The greatest trick Michael Bay ever pulled was making his last Transformers movie so godawful that virtually any follow-up would look superlative by comparison. While Bay excises most (but not all) of the ethnic "humor" that sullied Transformers: Revenge of the Fallen, he amps up the decibels and bumptiousness for Transformers: Dark of the Moon.
Once again the Decepticons and their allies threaten mankind while political leaders opt for appeasement in hopes that the enemy will just leave them alone. Fat chance. Dark of the Moon shamelessly assimilates the vernacular and imagery of Sept. 11 (Chi-town is "Ground Zero"), but Bay's flag-waving would be fine if his film were any good. The neocon overtones in Christopher Nolan's Batman films are acceptable because they're packaged in first-rate vehicles. By contrast, Dark of the Moon is an interminable orgy of dizzying special effects set to the blaring brass of composer Steve Jablonsky. And Bay's tone-deaf notion of humor has the mom of returning hero Sam Witwicky (Shia LaBeouf) taking time during the End of Days to chat with her adult son about how to satisfy a woman.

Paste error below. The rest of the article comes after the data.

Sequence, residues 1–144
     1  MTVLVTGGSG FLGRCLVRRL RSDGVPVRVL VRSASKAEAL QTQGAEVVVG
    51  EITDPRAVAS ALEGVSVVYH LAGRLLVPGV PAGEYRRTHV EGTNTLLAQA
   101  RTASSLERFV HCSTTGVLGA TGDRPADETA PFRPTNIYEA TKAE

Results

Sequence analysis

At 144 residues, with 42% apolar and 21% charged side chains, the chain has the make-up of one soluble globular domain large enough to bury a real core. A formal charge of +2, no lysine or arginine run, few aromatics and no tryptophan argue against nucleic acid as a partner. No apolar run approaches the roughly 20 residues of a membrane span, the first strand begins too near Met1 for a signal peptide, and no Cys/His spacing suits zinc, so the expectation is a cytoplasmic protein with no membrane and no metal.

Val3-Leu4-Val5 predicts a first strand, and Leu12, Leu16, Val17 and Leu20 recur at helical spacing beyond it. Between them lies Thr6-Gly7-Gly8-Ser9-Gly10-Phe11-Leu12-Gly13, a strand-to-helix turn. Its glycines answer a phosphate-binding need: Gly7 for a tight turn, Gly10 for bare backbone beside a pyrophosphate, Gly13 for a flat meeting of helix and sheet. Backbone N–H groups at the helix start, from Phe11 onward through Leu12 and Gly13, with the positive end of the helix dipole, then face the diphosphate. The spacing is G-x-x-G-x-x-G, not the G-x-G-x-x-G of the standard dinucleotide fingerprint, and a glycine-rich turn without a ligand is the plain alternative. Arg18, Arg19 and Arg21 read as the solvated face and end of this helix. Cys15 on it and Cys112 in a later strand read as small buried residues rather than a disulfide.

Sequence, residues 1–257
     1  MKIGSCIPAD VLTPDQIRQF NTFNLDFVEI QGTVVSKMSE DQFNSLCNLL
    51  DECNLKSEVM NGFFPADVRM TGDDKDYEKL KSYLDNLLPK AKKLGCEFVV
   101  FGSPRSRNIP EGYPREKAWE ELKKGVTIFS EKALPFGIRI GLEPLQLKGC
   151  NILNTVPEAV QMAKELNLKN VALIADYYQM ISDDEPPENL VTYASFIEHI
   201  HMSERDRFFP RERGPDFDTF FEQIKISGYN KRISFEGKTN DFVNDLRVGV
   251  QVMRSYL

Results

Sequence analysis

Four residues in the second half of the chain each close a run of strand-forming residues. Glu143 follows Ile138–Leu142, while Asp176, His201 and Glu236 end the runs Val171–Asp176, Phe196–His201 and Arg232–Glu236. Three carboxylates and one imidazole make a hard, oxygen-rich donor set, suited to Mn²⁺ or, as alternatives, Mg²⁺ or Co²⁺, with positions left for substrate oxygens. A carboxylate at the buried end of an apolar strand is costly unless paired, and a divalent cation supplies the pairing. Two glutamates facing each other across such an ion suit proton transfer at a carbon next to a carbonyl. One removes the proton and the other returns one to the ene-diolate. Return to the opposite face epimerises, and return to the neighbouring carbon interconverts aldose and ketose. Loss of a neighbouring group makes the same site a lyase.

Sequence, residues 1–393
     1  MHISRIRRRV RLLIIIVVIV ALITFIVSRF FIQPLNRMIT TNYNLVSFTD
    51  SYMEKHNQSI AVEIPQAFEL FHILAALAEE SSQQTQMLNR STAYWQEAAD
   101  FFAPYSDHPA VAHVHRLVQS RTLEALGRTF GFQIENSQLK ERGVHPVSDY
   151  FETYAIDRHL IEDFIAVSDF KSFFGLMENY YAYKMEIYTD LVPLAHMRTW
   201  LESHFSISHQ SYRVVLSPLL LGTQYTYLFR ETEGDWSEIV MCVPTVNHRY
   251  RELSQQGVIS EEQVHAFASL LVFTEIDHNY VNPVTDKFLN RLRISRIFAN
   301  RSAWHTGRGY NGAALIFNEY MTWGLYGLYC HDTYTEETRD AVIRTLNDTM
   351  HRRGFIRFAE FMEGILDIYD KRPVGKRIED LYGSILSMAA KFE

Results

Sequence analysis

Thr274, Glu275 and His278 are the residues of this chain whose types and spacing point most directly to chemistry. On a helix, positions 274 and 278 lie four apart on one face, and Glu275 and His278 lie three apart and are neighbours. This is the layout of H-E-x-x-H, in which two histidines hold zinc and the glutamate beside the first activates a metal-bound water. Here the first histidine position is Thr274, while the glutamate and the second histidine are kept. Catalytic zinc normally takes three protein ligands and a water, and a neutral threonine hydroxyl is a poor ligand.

In Bay's reality, Bill O'Reilly passes for a celebrity cameo and a medal awarded by President Obama is barely enough to get returning hero Sam a job as a mail clerk—"We're pretty much all Republicans around here," quips one headhunter, channeling his director. Indeed, O'Reilly's presence is fitting, because as a loud, jingoistic metaphor in support of America's military presence in the Middle East, Dark of the Moon is the sort of polemic you'd expect to see on Fox News.